Digital Project - Haiti: An Island Luminous An Island Luminous is a site to help readers learn about Haiti’s history. Created by historian Adam M. Silvia and hosted online by Digital Library of the Caribbean, An Island Luminous combines rare books, manuscripts, and photos scanned by archives and libraries in Haiti and the United States … Continue reading DIGITAL: Haiti: An Island Luminous
#ADPhD congratulations the Colored Conventions Project which has won the tenth biennial MLA Prize for a Bibliography, Archive, or Digital Project. It will be presented to P. Gabrielle Foreman, Jim Casey, and Sarah Lynn Patterson, from the University of Delaware, on behalf of the Colored Conventions Project team. From the MLA's Prize citation: The Colored … Continue reading AWARD: Colored Conventions Wins MLA Award
Vincent Brown discusses slavery and the database at Duke University: 'By responding creatively to the archival challenges presented by the social history of slavery, Harvard Professor Vincent Brown hopes to inspire new conversations about the inheritance of loss and the legacy of struggle. This presentation considers three graphic histories: an animated visualization of Voyages: The … Continue reading DIGITAL: Brown on Slavery’s History in the Age of the Database
New digital project on runaway slave ads in Connecticut. The database was designed by the students in COL370 / HIST211 as part of their final projext for Digital History (Spring 2014). Taught at Wesleyan College by Joseph Yannielli. "ABOUT THE PROJECT RunawayCT.org is a digital humanities resource for the study of runaway slaves in Connecticut, … Continue reading DIGITAL: About The Project · Runaway Connecticut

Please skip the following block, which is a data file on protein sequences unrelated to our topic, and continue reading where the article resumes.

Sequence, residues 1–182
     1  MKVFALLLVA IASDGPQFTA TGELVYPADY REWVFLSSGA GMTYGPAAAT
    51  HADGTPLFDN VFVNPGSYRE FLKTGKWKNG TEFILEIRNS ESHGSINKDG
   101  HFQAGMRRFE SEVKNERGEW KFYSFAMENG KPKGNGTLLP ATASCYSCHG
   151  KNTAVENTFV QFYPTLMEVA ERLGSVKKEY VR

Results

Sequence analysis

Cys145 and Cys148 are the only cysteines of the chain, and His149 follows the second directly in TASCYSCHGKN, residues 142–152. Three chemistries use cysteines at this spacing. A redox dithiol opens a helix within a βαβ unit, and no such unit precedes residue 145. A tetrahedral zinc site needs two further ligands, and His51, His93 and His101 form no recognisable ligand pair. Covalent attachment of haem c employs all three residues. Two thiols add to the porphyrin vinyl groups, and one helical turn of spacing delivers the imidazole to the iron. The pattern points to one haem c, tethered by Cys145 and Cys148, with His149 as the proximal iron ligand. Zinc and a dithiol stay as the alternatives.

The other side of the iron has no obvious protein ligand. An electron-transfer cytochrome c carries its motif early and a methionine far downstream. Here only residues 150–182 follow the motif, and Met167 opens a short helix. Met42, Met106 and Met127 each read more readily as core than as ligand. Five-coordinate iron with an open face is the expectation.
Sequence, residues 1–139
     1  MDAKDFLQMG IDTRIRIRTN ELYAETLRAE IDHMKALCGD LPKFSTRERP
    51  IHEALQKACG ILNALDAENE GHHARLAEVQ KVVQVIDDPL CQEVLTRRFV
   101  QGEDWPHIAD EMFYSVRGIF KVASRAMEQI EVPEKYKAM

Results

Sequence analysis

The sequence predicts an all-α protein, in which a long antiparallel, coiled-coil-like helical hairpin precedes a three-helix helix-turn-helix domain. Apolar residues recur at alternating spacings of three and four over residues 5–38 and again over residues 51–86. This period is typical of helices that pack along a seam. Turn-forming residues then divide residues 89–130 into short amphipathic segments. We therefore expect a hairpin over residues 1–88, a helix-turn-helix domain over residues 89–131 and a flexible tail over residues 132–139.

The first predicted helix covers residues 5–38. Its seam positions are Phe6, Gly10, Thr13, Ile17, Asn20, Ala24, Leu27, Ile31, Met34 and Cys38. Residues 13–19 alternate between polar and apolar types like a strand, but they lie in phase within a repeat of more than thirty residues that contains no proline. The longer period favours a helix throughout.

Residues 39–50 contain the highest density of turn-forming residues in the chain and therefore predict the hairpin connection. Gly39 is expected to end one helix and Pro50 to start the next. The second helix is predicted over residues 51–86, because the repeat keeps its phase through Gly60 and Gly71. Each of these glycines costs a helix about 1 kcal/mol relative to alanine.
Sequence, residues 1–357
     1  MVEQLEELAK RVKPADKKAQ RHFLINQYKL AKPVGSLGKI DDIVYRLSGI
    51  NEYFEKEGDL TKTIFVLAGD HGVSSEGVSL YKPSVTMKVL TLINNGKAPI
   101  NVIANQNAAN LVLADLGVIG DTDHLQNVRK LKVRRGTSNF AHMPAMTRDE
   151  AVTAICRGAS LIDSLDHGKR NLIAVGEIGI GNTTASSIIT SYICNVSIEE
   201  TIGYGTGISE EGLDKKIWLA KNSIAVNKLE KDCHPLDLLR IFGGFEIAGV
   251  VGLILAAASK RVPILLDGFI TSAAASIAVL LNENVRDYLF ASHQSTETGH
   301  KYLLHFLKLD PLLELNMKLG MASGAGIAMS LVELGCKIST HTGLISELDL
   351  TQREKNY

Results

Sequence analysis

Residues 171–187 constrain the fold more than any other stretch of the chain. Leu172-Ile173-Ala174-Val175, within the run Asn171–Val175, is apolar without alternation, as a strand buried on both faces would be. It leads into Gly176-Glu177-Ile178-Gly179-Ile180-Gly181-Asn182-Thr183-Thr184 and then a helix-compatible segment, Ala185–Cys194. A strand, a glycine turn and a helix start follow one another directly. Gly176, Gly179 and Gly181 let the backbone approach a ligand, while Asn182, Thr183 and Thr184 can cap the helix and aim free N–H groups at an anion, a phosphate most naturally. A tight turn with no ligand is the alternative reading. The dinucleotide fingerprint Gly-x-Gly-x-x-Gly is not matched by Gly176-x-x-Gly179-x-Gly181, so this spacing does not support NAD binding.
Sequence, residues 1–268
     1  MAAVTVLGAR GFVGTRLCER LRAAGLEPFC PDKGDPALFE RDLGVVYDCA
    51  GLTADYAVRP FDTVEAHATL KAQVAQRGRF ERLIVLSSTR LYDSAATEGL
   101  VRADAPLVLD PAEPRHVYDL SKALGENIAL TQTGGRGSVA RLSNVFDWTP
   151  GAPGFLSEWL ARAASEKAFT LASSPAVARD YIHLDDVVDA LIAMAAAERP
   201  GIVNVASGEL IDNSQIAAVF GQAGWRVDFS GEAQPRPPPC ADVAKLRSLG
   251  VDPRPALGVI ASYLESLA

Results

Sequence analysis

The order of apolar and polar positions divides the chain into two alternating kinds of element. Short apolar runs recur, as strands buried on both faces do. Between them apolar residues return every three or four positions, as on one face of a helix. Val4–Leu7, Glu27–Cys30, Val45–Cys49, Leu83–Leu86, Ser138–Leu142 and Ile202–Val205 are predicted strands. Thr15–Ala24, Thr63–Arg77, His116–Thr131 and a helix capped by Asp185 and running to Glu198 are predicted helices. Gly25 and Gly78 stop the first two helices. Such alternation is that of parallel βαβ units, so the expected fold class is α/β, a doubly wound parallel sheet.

Explore the story of the abolitionist movement in America through our interactive map. Dozens of museums, institutions and PBS stations have partnered with American Experience to bring you archival images, documents and videos related to abolitionism.
The Amistad Research Center recently unveiled four new digital collections in the Tulane University Digital Library/Louisiana Digital Library:
A digital project by Bill Rankin visualizes the spread of slavery in the United States in maps. Rankin uses dots, black space (to render county/state lines nearly invisible), and color gradations to mark the changing population of slave and free.
"This project is designed to call public attention to an event that rattled Reconstruction-era Memphis in May 1866. The first large-scale racial massacre to erupt in the post-Civil War South, the massacre in Memphis played a key role in prompting Congress to enact sweeping changes to federal policies and to constitutional law. It also lent a new urgency to an ongoing national debate about the meaning of freedom and the rights of citizens. It was a massacre of historic proportions, one that helped lay the ground for who we are today as a nation....
The Trans-Atlantic Slave Trade Database, an online database providing information about slaves and slave trading voyages, will soon expand to include information about intra-American slave trade as well as have a new accessibility. The online database is supervised by two Emory faculty members in partnership with international scholars. The project investigators — David Eltis, Robert… … Continue reading DIGITAL/NEWS: Slave Trade Database to Expand, Update Website | The Emory Wheel
“Researchers at the University of Richmond have created a 3D map of
the city’s slave district in 1853. Part of the Library of Virginia’s “To
Be Sold” exhibit, the map traces the steps of a British artist whose
experience in Richmond led to abolitionist sketches, essays and
paintings. Catherine Komp has more for Virginia Currents.
Learn More:University of Richmond’s Digital Scholarship Lab is giving a lecture on the 3D Slave District map Tuesday April 7th, Noon-1:00 p.m.,
at the Library of Virginia. They’ll also be sharing an animated map of
the evacuation fires as part of the Capitol Square pop-up museum for the
150th Fall of Richmond anniversary events.”
(H/T Brandon Locke for the link via Twitter!)